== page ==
If you’ve ever put salt in your coffee instead of sugar, you can understand the awful taste disengaged workers leave in employers’ mouths. When an employee plays video games or yaks it up on personal calls at work, it can feel like a personal insult to the company and to the hiring personnel who brought them onboard.
What’s more, disengagement hurts companies’ ability to turn a profit. Distracted workers cost U.S. businesses a whopping $350 billion in revenue annually. Why such a big chunk of change? Well, it may have to do with the fact that only 3 in 10 workers are engaged—meaning the other 7 are wasting their time and employers’ money.
Another side effect of disengagement is high turnover. Approximately 2.7 million workers quit their jobs each month, making employers spend more than $11 billion to refill all those empty desks.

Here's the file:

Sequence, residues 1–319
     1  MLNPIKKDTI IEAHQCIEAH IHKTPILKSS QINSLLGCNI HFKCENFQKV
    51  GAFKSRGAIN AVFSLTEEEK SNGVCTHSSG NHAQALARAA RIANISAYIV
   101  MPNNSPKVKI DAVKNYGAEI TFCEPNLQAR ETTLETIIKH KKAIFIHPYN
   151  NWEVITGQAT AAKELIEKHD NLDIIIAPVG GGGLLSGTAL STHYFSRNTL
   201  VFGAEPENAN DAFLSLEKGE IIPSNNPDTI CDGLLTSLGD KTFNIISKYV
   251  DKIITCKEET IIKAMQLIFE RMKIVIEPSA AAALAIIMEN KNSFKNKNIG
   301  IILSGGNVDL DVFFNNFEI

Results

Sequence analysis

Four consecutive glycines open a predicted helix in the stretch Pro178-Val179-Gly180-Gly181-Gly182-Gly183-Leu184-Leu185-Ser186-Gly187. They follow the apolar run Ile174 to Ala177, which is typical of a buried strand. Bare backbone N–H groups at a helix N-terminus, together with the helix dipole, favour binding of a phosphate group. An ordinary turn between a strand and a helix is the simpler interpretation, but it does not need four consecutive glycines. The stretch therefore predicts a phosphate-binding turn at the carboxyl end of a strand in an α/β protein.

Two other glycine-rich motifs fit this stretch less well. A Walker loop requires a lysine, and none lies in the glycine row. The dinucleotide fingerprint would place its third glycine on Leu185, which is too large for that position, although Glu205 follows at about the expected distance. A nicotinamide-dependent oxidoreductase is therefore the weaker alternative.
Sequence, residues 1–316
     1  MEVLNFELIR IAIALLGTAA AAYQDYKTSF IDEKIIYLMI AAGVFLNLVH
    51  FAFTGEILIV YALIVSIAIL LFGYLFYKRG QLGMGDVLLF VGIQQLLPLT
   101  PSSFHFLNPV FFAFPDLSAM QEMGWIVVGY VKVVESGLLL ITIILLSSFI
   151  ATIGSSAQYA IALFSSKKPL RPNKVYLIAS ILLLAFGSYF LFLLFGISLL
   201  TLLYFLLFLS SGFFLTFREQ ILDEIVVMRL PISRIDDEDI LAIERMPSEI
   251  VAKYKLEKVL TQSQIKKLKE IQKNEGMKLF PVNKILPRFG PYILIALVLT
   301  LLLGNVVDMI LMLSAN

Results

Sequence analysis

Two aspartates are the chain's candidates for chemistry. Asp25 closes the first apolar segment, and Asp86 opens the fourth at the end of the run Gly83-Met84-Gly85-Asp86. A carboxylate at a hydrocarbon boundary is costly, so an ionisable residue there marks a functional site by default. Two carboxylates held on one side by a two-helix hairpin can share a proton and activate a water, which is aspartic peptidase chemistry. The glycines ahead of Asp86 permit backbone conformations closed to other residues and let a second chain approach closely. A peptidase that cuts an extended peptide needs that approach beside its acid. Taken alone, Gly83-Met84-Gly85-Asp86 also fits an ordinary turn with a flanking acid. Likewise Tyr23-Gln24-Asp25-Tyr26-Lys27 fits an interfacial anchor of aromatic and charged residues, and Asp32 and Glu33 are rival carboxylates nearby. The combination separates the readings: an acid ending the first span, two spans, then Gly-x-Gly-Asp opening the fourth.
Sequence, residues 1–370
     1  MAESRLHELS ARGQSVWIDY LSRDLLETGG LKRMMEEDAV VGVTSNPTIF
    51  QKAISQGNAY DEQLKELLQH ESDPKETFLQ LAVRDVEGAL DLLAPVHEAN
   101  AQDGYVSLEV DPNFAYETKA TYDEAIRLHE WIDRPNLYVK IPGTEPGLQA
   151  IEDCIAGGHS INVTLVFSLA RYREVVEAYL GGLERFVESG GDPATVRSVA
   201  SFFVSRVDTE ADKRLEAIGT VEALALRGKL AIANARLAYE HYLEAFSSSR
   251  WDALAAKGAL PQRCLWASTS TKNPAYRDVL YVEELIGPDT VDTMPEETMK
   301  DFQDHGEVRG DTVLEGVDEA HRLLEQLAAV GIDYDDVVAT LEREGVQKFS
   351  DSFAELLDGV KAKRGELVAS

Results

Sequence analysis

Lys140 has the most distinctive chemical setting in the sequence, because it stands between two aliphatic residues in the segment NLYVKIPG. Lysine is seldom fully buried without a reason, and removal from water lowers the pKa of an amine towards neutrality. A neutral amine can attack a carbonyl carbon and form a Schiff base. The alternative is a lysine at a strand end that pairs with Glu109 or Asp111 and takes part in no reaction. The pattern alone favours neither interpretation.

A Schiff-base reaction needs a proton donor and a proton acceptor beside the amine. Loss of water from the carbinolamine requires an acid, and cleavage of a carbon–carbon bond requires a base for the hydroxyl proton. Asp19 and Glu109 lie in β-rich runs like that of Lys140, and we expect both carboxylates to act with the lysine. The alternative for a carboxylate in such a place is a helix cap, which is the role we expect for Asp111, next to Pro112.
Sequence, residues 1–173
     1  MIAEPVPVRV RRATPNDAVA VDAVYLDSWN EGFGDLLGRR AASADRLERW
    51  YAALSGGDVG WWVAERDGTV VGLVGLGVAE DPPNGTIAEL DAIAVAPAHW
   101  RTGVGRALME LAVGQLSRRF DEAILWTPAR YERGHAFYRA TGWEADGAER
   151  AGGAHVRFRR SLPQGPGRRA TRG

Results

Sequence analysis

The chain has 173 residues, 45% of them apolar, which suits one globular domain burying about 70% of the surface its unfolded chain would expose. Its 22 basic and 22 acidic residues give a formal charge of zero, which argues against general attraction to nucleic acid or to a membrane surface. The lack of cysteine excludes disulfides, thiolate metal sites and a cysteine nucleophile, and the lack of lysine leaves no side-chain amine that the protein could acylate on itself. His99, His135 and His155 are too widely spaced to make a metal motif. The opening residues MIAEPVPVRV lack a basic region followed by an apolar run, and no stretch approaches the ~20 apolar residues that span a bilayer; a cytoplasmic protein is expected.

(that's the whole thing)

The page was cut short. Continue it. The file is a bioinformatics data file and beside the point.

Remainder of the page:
Almost everyone seems engaged in the interview, because they want the job for which they applied. But this good behavior can taper off after they’re actually hired. Besides, even the most engaged employee disconnect if they’re thrown into an environment that doesn’t motivate them—or worse, one that harms their morale.
The real solution requires employers and recruiters to understand that disengagement stems from needs that are going unmet. It’s your job to engage employees by creating a workspace that meets their needs.
Our friends at Company Folders has put together the ultimate guide to employee engagement. You’ll learn what employees need from their jobs, what they’re really doing at work, and how you can help.